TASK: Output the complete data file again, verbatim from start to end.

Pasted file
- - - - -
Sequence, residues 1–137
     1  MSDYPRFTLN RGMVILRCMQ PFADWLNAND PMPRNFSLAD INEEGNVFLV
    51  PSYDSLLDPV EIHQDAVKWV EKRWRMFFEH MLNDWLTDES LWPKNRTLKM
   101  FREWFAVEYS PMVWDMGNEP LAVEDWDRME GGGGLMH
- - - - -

Sequence, residues 1–137
     1  MSDYPRFTLN RGMVILRCMQ PFADWLNAND PMPRNFSLAD INEEGNVFLV
    51  PSYDSLLDPV EIHQDAVKWV EKRWRMFFEH MLNDWLTDES LWPKNRTLKM
   101  FREWFAVEYS PMVWDMGNEP LAVEDWDRME GGGGLMH